Most buyers of farmland are farmers vs. investors

By Michele F. Mihaljevich

07 /01 /22

WEST LAFAYETTE, Ind. – Billionaires such as Jeff Bezos and Bill Gates have been in the news for purchasing farmland for investment purposes, but most buyers of farmland are farmers or local investors, according to those with knowledge of the industry.

About 80 percent of farmland around the country is purchased by farmers, said Todd H. Kuethe, Schrader Chair in Farmland Economics and associate professor of agricultural economics at Purdue University. “The typical farmland owner will own it for about 30 years. They plan to farm it now and will later rent it out. A lot of farmers view farm-land as their retirement plan.”

After farmers, the next biggest group of investors is high net worth individuals, he said.

Bezos, the founder of Amazon, owns about 420,000 acres of U.S. farmland, according to media reports. Gates, co-founder of Microsoft, has nearly 270,000 acres. The United States has more than 895 million acres of land in farms, the USDA has reported.

About 60 percent of farmland sales through Halderman Real Estate Services are to farmers, said Howard Halderman, the company’s president. Forty percent are to investors. Of that 40 percent, 38 percent want to own farmland because they grew up on a farm. Two percent are institutional buyers, such as endowments and pensions.

IMG_3877-2-300x225Most farmer buyers are looking to add to their overall operation,” he noted. “They look at it as more productive acres they can farm. Retirement isn’t their primary thought.

They may be buying it for the next generation to return to the farm. It gives future generations the opportunity to experience the wonderful lifestyle they’ve had. As the kids come back, you’re going to need more land. In reality, investors are the neighbor down the road – a farmer or local investor.”

Generally, farmers are purchasing about 70 percent of land sold by Schrader Real Estate and Auction Co., while investors buy 30 percent, said R.D. Schrader, president of the company. “It can depend on the dynamics,” he explained. “When farm income isn’t as strong, it gives investors a chance to get in there.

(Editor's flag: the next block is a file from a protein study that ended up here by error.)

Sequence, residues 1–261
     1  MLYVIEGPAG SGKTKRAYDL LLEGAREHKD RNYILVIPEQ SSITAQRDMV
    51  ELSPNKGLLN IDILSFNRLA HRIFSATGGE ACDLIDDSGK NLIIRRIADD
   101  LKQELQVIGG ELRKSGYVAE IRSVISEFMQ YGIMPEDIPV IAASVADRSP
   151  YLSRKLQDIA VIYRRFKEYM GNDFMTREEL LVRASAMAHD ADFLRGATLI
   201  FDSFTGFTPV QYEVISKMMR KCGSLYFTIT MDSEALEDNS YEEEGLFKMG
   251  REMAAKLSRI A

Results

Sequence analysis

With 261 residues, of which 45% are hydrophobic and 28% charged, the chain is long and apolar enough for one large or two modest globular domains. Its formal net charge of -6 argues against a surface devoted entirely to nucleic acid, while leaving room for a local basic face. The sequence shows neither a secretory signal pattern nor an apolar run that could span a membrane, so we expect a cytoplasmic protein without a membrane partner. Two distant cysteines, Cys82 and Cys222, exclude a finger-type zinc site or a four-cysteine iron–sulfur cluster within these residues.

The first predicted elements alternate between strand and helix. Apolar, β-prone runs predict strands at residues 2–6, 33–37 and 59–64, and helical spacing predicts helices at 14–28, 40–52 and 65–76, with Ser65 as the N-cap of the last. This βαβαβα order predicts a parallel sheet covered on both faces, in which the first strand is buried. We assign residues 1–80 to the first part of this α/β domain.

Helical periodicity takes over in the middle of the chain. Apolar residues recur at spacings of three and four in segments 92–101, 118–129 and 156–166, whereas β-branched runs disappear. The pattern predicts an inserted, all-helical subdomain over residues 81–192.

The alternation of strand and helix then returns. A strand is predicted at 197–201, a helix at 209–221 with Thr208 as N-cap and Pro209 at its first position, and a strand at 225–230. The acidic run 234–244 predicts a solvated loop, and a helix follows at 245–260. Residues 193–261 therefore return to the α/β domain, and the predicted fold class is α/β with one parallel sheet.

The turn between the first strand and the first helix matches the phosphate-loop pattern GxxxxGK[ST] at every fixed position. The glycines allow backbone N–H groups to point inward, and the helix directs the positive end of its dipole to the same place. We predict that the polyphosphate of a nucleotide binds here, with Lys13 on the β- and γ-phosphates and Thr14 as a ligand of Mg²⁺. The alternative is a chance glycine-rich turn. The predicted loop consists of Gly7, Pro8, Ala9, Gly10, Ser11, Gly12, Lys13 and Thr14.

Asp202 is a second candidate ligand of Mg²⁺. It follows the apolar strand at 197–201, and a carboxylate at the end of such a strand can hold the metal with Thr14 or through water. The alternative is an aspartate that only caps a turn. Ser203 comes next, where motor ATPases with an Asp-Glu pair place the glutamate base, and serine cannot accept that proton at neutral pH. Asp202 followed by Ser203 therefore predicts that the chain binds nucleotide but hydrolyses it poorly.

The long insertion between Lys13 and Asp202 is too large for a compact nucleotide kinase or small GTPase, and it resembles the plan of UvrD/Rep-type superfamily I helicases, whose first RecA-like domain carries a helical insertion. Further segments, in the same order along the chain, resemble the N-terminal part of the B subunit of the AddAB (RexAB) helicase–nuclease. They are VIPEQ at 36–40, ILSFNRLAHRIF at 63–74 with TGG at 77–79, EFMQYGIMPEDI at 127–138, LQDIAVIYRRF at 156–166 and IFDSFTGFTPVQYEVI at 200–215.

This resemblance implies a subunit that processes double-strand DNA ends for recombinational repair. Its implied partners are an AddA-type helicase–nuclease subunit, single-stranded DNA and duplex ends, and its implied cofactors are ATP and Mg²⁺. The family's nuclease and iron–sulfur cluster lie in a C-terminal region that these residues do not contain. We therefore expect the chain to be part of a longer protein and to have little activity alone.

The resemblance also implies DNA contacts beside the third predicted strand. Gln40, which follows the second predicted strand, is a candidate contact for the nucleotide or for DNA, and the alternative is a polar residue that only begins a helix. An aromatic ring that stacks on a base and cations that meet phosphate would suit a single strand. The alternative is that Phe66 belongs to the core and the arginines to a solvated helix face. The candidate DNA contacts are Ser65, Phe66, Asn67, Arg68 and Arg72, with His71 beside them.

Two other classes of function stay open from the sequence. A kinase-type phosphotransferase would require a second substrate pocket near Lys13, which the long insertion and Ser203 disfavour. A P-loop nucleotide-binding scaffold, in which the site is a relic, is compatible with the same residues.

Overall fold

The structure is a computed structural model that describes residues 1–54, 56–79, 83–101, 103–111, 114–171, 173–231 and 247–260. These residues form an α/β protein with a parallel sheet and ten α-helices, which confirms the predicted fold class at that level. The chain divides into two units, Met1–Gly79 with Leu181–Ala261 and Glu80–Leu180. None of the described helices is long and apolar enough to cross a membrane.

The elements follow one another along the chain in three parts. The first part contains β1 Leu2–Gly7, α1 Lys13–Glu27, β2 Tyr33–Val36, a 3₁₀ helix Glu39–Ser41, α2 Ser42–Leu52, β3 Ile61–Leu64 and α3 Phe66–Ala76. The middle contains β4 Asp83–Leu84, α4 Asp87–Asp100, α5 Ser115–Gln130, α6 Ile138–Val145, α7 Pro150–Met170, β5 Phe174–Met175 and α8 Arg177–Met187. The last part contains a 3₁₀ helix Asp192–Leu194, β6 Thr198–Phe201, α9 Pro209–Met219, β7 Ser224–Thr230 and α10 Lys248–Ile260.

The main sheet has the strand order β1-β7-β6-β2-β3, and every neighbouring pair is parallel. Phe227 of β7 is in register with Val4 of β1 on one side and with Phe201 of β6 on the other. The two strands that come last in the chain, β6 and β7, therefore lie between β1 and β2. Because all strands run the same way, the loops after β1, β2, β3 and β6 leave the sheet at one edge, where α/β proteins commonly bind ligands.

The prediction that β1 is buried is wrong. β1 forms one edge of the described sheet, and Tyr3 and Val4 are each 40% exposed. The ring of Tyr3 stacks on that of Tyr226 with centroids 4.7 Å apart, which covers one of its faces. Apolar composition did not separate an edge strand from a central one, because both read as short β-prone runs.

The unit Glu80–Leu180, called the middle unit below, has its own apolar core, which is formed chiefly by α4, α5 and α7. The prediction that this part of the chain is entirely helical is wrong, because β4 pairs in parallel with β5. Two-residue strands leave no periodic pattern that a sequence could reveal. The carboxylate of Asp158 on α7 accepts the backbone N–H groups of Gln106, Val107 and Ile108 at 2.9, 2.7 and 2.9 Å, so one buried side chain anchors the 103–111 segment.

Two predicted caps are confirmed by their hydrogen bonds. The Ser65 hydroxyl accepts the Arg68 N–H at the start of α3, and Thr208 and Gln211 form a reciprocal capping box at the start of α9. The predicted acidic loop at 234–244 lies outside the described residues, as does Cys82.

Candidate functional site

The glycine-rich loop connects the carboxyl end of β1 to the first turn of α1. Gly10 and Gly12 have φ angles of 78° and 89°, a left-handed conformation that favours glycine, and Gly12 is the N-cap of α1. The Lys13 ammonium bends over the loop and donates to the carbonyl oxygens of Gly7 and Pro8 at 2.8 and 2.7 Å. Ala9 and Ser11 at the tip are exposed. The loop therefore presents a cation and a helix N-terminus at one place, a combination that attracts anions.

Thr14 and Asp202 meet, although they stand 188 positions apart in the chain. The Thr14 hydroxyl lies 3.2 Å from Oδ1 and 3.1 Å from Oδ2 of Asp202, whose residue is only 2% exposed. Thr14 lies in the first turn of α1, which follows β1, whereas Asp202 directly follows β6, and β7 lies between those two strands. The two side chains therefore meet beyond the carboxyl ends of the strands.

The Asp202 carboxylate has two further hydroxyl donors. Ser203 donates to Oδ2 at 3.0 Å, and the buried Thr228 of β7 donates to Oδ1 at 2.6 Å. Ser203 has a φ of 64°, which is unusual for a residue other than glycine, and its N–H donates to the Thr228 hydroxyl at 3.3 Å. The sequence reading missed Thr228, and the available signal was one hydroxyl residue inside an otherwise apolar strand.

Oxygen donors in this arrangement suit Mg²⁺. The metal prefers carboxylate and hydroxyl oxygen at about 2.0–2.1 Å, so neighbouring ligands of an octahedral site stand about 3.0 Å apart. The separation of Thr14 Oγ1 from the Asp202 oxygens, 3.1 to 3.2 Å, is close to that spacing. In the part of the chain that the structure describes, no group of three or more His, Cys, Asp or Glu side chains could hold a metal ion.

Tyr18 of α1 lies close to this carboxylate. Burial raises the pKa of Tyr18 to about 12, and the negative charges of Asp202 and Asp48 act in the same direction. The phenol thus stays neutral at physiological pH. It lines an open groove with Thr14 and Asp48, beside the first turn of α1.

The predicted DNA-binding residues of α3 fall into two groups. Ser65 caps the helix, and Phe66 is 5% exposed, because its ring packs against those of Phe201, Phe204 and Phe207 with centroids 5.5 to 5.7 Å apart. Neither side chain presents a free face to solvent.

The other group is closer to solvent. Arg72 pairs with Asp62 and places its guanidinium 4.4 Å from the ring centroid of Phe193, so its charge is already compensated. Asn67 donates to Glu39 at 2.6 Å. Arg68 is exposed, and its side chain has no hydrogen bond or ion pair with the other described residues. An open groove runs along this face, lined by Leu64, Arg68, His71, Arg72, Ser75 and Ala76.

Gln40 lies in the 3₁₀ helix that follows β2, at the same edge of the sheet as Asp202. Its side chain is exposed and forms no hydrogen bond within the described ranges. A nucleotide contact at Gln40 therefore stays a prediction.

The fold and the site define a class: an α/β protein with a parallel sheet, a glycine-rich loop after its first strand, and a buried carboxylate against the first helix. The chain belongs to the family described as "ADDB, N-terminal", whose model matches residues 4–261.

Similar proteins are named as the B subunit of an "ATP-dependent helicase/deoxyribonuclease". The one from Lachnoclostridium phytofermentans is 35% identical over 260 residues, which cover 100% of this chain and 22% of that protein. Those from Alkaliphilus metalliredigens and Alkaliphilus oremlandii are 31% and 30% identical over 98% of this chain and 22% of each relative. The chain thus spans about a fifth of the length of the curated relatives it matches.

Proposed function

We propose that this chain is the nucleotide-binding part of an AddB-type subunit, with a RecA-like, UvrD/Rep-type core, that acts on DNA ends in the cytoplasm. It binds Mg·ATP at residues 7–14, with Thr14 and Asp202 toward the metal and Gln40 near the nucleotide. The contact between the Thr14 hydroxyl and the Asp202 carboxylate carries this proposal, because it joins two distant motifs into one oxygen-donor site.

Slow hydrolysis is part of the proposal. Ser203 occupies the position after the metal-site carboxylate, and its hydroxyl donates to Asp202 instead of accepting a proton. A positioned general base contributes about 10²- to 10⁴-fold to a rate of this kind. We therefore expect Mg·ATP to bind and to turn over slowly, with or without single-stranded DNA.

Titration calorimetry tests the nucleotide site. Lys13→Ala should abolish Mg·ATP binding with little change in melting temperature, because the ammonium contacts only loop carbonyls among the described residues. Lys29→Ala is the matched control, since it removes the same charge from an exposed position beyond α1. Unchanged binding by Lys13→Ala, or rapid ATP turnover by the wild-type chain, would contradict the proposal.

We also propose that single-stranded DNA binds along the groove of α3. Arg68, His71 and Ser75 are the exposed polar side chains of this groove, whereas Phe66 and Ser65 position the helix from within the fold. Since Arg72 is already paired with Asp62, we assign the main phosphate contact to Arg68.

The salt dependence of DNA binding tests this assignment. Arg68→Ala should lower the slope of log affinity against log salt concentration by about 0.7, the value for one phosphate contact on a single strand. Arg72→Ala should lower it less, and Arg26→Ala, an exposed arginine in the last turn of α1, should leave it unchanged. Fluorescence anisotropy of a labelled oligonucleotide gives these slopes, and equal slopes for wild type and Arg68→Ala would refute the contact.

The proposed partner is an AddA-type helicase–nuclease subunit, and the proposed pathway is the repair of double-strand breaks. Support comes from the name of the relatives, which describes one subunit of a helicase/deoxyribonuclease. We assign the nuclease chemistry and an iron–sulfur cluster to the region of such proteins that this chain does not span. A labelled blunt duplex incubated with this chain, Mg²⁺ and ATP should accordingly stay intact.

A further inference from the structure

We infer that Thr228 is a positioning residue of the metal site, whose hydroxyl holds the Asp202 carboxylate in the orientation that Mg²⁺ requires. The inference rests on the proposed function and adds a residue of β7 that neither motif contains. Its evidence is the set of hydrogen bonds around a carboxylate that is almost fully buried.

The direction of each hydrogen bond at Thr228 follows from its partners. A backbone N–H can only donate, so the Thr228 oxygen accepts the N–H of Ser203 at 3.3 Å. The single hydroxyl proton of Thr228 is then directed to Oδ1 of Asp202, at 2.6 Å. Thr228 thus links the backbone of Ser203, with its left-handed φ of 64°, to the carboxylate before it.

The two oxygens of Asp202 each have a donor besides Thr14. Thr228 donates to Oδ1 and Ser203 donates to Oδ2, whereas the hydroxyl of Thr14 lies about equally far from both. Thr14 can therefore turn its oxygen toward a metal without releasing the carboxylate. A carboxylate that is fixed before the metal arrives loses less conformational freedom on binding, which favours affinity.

“The local market is typically the driving force. Some parts of the country have a higher ratio of investor interest. Some smaller investors may want to buy 40 acres, and big investment funds want to buy thousands of acres. Farmland is typically worth more to operators.”

Paul Pittman, executive chairman and CEO of Farmland Partners Inc., said the top buyers of farmland are the farmers themselves, followed by those with rural roots who aren’t farmers but who want to own farmland.

Farmers compete heavily for farmland because when a farm goes up for sale, it might be the first time it’s been on the market in 40-50 years, Pittman said. It also may never get sold again, he added.

“This is why farmers will always outbid institutional investors,” he explained. “If a farmer really wants it, we won’t be the buyer. Farmers will always be your top bidders. It’s the way it should be. It’s worth more to him than to us.”

Farmland is of interest to investors because it has a relatively stable set of returns, Kuethe said. There’s an appreciation of the asset value and it offers annual returns through renting or directly farming it themselves, he said. Investors look at farmland as a way to diversify their portfolios, Halderman said.

“They compare it to a fixed income investment like bonds,” he said. “It’s an inflation hedge. Farmland provides a greater return than the cost of ownership. It has a positive net cash flow. The rate of return is 2 ½, 3 percent.